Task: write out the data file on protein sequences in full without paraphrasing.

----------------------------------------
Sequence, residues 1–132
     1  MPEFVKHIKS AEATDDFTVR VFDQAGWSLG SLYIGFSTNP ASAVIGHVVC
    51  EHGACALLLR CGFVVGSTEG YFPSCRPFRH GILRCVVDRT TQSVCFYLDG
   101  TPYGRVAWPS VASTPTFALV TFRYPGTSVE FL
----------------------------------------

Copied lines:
Sequence, residues 1–132
     1  MPEFVKHIKS AEATDDFTVR VFDQAGWSLG SLYIGFSTNP ASAVIGHVVC
    51  EHGACALLLR CGFVVGSTEG YFPSCRPFRH GILRCVVDRT TQSVCFYLDG
   101  TPYGRVAWPS VASTPTFALV TFRYPGTSVE FL